On the first day of the Afterfeast of Theophany, the Church extols Saint John the Baptist as the greatest man born of a woman. He surpasses all the ancient prophets because he baptized the Messiah, Whose coming he foretold.
In the Orthodox Church it is customary, on the day following the Great Feasts of the Lord and the Mother of God, to remember those saints who participated directly in the sacred event. So, on the day following the Theophany of the Lord, the Church honors the one who participated directly in the Baptism of Christ, placing his own hand upon the head of the Savior.
Saint John, the holy Forerunner and Baptist of the Lord, whom the Lord called the greatest of the prophets, concludes the history of the Old Testament and opens the era of the New Testament. The holy Prophet John bore witness to the Only-Begotten Son of God, incarnate in the flesh. Saint John was accounted worthy to baptize Him in the waters of the Jordan, and he was a witness of the Theophany of the Most Holy Trinity on the day of the Savior’s Baptism.
The holy Prophet John was related to the Lord on His mother’s side, the son of the Priest Zachariah and Righteous Elizabeth. The holy Forerunner, John, was born six months before Christ. The Archangel Gabriel announced his birth in the Temple at Jerusalem, revealing to Zachariah that a son was to be born to him.
Through the prayers offered beforehand, the child was filled with the Holy Spirit. Saint John prepared himself in the wilds of the desert for his great service by a strict life, by fasting, prayer and sympathy for the fate of God’s people.
At the age of thirty, he came forth preaching repentance. He appeared on the banks of the Jordan, to prepare the people by his preaching to accept the Savior of the world. In church hymnology, Saint John is called a “bright morning star,” whose gleaming outshone the brilliance of all the other stars, announcing the coming dawn of the day of grace, illumined with the light of the spiritual Sun, our Lord Jesus Christ.
Having baptized the sinless Lamb of God, Saint John soon died a martyr’s death, beheaded by the sword on orders of King Herod at the request of his daughter Salome. (On Saint John the Baptist, see Mt.3:1-16, 11:1-19, 14:1-12; Mark 1:2-8, 6:14-29; Luke 1:5-25, 39-80, 3:1-20, 7:18-35, 9:7-9; John 1:19-34, 3:22-26). The Transfer of the Right Hand of the holy Forerunner from Antioch to Constantinople (956) and the Miracle of Saint John the Forerunner against the Hagarenes (Moslems) at Chios:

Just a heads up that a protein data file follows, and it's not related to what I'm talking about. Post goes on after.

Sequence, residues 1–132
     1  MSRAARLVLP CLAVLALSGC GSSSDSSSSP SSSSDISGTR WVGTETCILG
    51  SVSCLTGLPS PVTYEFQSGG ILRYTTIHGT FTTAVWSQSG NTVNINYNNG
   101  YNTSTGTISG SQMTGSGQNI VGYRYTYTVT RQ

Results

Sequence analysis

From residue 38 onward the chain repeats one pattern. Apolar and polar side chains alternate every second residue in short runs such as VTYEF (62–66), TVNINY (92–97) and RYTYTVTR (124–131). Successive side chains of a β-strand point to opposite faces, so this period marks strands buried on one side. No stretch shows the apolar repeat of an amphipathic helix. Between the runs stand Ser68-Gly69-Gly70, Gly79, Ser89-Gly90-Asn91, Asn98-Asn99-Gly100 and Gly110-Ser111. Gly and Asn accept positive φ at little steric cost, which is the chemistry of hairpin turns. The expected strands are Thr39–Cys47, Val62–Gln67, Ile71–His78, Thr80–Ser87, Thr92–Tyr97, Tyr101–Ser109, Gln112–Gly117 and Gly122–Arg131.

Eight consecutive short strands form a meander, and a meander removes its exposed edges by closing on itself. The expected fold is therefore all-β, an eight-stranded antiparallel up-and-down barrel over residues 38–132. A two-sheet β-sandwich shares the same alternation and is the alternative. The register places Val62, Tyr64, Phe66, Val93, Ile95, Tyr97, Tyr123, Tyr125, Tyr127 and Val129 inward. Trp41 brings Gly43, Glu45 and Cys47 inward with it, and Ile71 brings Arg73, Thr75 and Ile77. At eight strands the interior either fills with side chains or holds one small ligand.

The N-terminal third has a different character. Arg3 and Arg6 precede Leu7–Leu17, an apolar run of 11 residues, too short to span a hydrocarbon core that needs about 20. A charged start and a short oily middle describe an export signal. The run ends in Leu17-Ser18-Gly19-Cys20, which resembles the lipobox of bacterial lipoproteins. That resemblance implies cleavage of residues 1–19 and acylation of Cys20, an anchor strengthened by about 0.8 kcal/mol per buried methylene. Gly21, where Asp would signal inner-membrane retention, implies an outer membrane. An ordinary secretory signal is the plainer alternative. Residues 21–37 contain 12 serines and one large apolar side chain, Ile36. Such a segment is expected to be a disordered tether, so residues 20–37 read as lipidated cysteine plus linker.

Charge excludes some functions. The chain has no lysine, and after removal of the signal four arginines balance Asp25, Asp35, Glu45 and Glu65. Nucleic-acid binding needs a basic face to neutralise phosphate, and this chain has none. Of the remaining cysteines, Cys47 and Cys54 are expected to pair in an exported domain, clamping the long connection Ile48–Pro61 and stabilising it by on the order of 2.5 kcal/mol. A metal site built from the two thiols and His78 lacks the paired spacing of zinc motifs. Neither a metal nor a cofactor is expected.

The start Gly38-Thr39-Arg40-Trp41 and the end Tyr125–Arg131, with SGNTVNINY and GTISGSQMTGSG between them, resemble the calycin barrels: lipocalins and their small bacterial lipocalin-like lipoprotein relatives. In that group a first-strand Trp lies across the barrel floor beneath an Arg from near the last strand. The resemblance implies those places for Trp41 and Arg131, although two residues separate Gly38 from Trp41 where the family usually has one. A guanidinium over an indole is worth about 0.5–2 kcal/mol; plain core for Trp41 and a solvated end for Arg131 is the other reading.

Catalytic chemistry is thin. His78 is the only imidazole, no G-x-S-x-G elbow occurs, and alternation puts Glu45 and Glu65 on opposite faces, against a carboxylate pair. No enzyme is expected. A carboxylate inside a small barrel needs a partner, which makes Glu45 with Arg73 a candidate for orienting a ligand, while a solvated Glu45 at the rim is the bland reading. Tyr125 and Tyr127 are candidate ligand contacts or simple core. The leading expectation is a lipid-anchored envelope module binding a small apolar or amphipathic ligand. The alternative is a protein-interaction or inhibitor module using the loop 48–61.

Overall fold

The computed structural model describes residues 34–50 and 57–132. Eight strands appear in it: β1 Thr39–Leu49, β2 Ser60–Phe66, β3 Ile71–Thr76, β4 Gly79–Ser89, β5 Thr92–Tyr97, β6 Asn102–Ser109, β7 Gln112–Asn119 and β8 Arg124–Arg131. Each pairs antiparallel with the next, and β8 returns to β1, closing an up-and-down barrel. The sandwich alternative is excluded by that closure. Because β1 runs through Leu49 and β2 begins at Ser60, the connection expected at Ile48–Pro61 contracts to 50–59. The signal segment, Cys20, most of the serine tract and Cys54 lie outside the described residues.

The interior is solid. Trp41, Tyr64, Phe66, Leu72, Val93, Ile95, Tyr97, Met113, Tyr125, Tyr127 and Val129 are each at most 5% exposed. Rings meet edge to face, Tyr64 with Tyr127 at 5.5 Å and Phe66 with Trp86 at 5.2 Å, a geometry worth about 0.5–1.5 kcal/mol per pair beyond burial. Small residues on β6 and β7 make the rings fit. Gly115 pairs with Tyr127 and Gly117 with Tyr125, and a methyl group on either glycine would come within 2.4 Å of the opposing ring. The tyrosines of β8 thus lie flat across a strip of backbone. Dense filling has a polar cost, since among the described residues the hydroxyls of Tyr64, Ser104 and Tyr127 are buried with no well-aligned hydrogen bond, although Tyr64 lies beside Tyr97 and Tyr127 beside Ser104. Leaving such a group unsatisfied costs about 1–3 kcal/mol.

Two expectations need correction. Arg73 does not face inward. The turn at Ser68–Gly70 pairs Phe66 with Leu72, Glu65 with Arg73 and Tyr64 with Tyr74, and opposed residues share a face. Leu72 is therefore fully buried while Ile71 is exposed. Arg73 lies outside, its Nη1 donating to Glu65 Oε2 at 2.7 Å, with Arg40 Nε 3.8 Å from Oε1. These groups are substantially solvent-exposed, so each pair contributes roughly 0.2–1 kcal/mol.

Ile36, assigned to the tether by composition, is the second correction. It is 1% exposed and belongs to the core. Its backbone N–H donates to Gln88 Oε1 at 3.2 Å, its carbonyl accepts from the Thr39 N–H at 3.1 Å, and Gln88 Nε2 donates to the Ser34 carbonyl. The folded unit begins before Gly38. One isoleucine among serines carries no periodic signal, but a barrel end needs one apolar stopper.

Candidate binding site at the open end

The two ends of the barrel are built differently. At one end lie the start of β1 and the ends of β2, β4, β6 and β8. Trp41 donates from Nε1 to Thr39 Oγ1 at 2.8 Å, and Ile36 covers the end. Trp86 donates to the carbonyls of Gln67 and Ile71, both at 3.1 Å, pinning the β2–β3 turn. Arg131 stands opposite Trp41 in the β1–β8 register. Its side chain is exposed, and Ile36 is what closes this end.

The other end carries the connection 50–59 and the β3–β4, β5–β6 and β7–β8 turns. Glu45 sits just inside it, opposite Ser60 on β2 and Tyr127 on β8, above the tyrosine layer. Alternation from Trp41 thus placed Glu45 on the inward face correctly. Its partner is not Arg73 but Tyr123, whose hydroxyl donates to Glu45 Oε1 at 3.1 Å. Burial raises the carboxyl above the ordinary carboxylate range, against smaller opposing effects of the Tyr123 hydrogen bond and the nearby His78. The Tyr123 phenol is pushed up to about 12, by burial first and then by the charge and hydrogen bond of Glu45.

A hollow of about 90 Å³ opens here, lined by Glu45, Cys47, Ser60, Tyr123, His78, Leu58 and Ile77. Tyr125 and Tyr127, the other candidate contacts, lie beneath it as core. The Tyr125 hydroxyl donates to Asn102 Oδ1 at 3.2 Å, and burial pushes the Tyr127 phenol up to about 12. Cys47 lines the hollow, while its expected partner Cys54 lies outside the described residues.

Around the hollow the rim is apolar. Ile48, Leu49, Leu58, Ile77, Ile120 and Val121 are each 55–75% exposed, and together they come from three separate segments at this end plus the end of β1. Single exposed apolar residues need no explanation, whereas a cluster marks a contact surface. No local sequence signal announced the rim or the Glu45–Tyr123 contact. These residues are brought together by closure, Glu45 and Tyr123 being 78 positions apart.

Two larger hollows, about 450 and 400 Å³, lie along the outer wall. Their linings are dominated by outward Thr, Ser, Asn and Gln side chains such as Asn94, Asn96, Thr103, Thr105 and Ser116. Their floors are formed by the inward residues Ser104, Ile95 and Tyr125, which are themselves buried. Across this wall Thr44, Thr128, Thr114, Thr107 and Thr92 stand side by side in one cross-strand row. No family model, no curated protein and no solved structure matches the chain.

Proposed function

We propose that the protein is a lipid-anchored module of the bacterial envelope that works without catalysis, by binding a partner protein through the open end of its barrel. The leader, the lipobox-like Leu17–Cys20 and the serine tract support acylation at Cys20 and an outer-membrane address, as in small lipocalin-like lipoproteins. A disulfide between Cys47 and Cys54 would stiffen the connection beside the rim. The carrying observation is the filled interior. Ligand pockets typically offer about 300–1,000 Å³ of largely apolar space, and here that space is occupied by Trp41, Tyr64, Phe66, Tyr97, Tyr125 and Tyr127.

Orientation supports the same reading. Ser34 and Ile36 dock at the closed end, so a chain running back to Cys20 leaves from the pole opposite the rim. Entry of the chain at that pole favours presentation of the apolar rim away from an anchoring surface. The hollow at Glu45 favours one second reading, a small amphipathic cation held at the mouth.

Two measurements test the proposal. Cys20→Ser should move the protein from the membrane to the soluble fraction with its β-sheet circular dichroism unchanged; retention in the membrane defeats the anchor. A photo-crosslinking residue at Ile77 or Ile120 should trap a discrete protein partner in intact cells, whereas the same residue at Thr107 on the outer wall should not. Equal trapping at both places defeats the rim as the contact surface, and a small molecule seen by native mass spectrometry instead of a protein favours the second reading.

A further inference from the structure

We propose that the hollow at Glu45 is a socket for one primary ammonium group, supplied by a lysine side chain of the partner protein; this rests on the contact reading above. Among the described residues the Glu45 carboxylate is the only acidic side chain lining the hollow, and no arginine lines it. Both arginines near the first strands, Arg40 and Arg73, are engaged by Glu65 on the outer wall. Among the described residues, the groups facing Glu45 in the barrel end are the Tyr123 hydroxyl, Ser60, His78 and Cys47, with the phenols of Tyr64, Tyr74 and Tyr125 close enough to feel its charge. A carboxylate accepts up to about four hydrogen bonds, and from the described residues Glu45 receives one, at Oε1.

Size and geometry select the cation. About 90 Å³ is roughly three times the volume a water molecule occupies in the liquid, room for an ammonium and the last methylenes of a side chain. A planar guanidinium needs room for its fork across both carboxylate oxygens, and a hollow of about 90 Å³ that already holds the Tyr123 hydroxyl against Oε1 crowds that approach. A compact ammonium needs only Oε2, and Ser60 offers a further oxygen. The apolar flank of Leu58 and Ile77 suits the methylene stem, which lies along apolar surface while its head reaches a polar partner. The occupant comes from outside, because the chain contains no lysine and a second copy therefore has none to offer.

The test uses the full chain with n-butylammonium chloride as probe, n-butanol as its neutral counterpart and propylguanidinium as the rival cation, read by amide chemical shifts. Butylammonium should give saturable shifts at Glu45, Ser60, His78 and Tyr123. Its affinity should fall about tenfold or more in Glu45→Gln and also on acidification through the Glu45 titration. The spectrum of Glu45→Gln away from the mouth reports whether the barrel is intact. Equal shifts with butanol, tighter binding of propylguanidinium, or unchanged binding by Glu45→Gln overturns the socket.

The body of Saint John the Baptist was buried in the Samaritan city of Sebaste. The holy Evangelist Luke, who went preaching Christ in various cities and towns, came to Sebaste, where they gave him the right hand of the holy Prophet John, the very hand with which he had baptized the Savior. The Evangelist Luke took it with him to his native city of Antioch.
When the Moslems seized Antioch centuries later, a deacon named Job brought the holy hand of the Forerunner from Antioch to Chalcedon. From there, on the eve of the Theophany of the Lord, it was transferred to Constantinople (956) and kept thereafter.
In the year 1200, the Russian pilgrim Dobrynya, who later became Saint Anthony, Archbishop of Novgorod (February 10), saw the right hand of the Forerunner in the imperial palace. From the Lives of the Saints we learn that in the year 1263, during the capture of Constantinople by the Crusaders, the emperor Baldwin gave one bone from the wrist of Saint John the Baptist to Ottonus de Cichon, who then gave it to a Cistercian abbey in France.
The right hand continued to be kept in Constantinople. And at the end of the fourteenth to the beginning of the fifteenth centuries, the holy relic was seen at Constantinople in the Peribleptos monastery by the Russian pilgrims Stephen of Novgorod, the deacon Ignatius, the cantor Alexander and the deacon Zosimus. When Constantinople fell to the Turks in 1453, sacred objects were gathered up at the the conqueror’s orders and kept under lock in the imperial treasury.